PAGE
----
Great American First Savings Bank, the country's ninth largest savings and loan association, with assets of $13.4 billion, last week became the first major California lender to offer biweekly mortgages.
The San Diego-based thrift institution has 190 offices in California, as well as in Arizona and Colorado, according to Rick McGill, first vice president and manager of single-family residential origination, mortgage banking and secondary marketing for Great American.
The biweekly loans are being offered for both new financing and the refinancing of existing mortgages, McGill said.
Based on Half Monthly Payment
Unlike conventional mortgages, biweekly mortgage payments are made every other week, instead of monthly, and are based on half the monthly payment. By making 26 biweekly payments, McGill said, borrowers are actually making the equivalent of 13 monthly payments a year.
In an example cited by McGill, a conventional 30-year, $100,000 loan at 10% would require monthly payments of $878, and total interest expense over 30 years would be $215,926. Under the biweekly arrangement, $439 (half the monthly payment), would be paid every other week.
The mortgage would be paid off in fewer than 21 years and total interest paid would total $139,109--a savings of $76,817 over the 30-year mortgage.
"Typically," he added, "by the time your biweekly mortgage is paid off, a conventional 30-year loan will still have 60% of the principal left unpaid."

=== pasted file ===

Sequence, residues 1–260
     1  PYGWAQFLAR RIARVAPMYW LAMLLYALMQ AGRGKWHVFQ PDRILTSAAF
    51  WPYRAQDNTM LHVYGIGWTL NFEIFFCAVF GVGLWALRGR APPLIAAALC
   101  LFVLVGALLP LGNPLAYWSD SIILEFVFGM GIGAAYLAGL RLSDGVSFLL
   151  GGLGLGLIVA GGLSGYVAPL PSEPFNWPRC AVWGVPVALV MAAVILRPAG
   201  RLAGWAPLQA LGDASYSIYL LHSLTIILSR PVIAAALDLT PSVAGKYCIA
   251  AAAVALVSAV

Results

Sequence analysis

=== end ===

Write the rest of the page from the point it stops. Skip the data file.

The first California break in the biweekly mortgage--developed by Canadian credit unions about four years ago--came in April when Mortgage Loans America, a large wholesale mortgage banking firm based in Campbell, Calif., began offering such loans through a statewide network of about 1,000 retail mortgage banking offices.
But, until Great American opened the biweekly door last week, the state's conventional mortgage lenders had backed away from them, citing lack of a viable second market for such mortgages.
"Lenders," Great American's McGill said, "commonly package loans to sell in the secondary market, but, presently, the two largest traders in the secondary market, the Federal National Mortgage Assn. (Fannie Mae) and the Federal Home Loan Mortgage Corp. (Freddie Mac) do not purchase biweeklies, though many insiders believe they will soon do so."
Initially, at least, he added, "we'll hold these loans ourselves because we see them as a product that should generate other business for us--checking and savings accounts, credit card accounts, and so forth. And, of course, there is a second market for them, but it's in the private sector--in the investment market as mortgage-backed securities."
Great American, McGill added, is currently prepared to write fixed-rate biweekly mortgages at a rate that is somewhere between the S&Ls 15- and 30-year fixed rate. "And that, right now, is about 10%. And there is a two point origination fee for both new financing, and refinancing." (One point is 1% of the amount being borrowed.)
Application forms for the biweekly loans have been distributed to Great American's offices, he said, "and, so far, the telephone interest in them has been quite strong."
"We're confident this will be a very popular mortgage," McGill said. "But it's still a new product, so it's important that we educate not only borrowers but real estate brokers as well on the values of this innovative program."
Great American has also established a toll-free telephone line for directing interested parties to the S&L's nearest loan center: 1-800-423-BANK.